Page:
- 12. Plikaytis BB, Marden JL, Crawford JT, Woodley CL, Butler WR, et al. (1994) Multiplex PCR assay specific for the multidrug-resistant strain W of Mycobacterium tuberculosis. J Clin Microbiol 32: 1542–1546.
- 13. Schürch AC, Kremer K, Warren RM, Hung NV, Zhao Y, et al. (2011) Mutations in the regulatory network that underlie the recent clonal expansion of a dominant subclone of the Mycobacterium tuberculosis Beijing genotype. Infect Genet Evol 49(4): 1318–22.
- 14. Iwamoto T, Yoshida S, Suzuki K, Wada T (2008) Population structure analysis of the Mycobacterium tuberculosis Beijing family indicates an association between certain sublineages and multidrug resistance. Antimicrob Agents Chemother 52: 3805–3809.
- 15. Hanekom M, van der Spuy GD, Streicher E, Ndabambi SL, McEvoy CRE, et al. (2007) A Recently Evolved Sublineage of the Mycobacterium tuberculosis Beijing Strain Family Is Associated with an Increased Ability to Spread and Cause Disease. J Clin Microbiol 45: 1483–1490.
- 16. Achtman M (2008) Evolution, population structure, and phylogeography of genetically monomorphic bacterial pathogens. Annu Rev Microbiol 62: 53–70.
- 17. Fournier P-E, Drancourt M, Raoult D (2007) Bacterial genome sequencing and its use in infectious diseases. Lancet Infect Dis 7: 711–723.
- 18. MacLean D, Jones JD, Studholme DJ (2009) Application of ‘next-generation’ sequencing technologies to microbial genetics. Nat Rev Microbiol 7: 287–296.
- 19. Ding C, Jin S (2009) High-throughput methods for SNP genotyping. Methods Mol Biol 578: 245–254.
- 20. Kuroda M, Serizawa M, Okutani A, Sekizuka T, Banno S, et al. (2010) Genome-wide single nucleotide polymorphism typing method for identification of Bacillus anthracis species and strain among B. cereus group species. J Clin Microbiol 48: 2821–2829.
- 21. Gilmour MW, Graham M, Van Domselaar G, Tyler S, Kent H, et al. (2010) High-throughput genome sequencing of two Listeria monocytogenes clinical isolates during a large foodborne outbreak. BMC Genomics 11: 120.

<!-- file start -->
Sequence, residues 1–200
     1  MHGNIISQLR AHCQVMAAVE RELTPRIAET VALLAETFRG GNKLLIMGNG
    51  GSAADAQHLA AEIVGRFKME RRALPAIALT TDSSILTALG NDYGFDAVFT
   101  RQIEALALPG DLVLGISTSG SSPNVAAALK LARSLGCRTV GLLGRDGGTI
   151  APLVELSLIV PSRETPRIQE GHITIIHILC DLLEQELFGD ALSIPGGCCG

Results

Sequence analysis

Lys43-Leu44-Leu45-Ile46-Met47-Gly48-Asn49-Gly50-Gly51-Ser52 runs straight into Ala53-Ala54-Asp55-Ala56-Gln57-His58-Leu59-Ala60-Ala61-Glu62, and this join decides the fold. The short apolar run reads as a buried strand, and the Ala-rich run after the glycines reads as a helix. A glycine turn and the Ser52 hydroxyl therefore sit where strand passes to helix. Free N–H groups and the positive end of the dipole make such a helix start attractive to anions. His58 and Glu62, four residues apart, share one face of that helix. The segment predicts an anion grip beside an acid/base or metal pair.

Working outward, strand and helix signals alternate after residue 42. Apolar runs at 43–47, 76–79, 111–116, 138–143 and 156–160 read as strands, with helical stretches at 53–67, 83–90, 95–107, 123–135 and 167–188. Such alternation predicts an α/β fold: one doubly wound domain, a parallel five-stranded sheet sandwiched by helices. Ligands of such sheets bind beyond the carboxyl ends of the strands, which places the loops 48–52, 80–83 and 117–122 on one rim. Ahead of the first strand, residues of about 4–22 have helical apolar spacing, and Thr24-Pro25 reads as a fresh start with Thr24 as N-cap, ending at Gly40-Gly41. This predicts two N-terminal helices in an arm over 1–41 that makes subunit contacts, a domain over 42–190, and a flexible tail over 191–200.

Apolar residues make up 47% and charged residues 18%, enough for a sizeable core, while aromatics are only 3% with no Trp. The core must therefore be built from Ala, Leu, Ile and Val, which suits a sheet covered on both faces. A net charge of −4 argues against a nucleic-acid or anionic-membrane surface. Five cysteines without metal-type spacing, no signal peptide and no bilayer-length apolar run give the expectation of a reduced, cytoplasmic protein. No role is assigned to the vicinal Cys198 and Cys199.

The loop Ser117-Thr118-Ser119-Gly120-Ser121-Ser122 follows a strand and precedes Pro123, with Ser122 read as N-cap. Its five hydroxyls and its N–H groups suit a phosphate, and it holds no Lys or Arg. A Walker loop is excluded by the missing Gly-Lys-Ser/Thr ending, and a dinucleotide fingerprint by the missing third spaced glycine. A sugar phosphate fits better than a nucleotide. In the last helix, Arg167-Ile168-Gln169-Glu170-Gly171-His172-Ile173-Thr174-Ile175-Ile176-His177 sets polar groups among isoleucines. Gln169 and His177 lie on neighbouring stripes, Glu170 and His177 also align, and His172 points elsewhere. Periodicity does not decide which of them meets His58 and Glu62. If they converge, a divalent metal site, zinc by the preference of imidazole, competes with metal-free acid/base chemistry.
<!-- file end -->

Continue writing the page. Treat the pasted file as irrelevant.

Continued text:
- 22. Monot M, Honore N, Garnier T, Zidane N, Sherafi D, et al. (2009) Comparative genomic and phylogeographic analysis of Mycobacterium leprae. Nat Genet 41: 1282–1289.
- 23. Röltgen K, Qi W, Ruf MT, Mensah-Quainoo E, Pidot SJ, et al. (2010) Single nucleotide polymorphism typing of Mycobacterium ulcerans reveals focal transmission of buruli ulcer in a highly endemic region of Ghana. PLoS Negl Trop Dis 4: e751.
- 24. Qi W, Käser M, Roltgen K, Yeboah-Manu D, Pluschke G (2009) Genomic diversity and evolution of Mycobacterium ulcerans revealed by next-generation sequencing. PLoS Pathog 5: e1000580.
- 25. van Gent M, Bart MJ, van der Heide HG, Heuvelman KJ, Kallonen T, et al. (2011) SNP-Based Typing: A Useful Tool to Study Bordetella pertussis Populations. PLoS ONE 6: e20340.
- 26. Cole ST, Brosch R, Parkhill J, Garnier T, Churcher C, et al. (1998) Deciphering the biology of Mycobacterium tuberculosis from the complete genome sequence. Nature 393: 537–544.
- 27. Gutacker MM, Smoot JC, Migliaccio CAL, Ricklefs SM, Hua S, et al. (2002) Genome-Wide Analysis of Synonymous Single Nucleotide Polymorphisms in Mycobacterium tuberculosis Complex Organisms: Resolution of Genetic Relationships Among Closely Related Microbial Strains. Genetics 162: 1533–1543.
- 28. Hershberg R, Lipatov M, Small PM, Sheffer H, Niemann S, et al. (2008) High functional diversity in Mycobacterium tuberculosis driven by genetic drift and human demography. PLoS Biol 6: e311.
- 29. van Soolingen D, de Haas PE, van Doorn HR, Kuijper E, Rinder H, et al. (2000) Mutations at amino acid position 315 of the katG gene are associated with high-level resistance to isoniazid, other drug resistance, and successful transmission of Mycobacterium tuberculosis in the Netherlands. J Infect Dis 182: 1788–1790.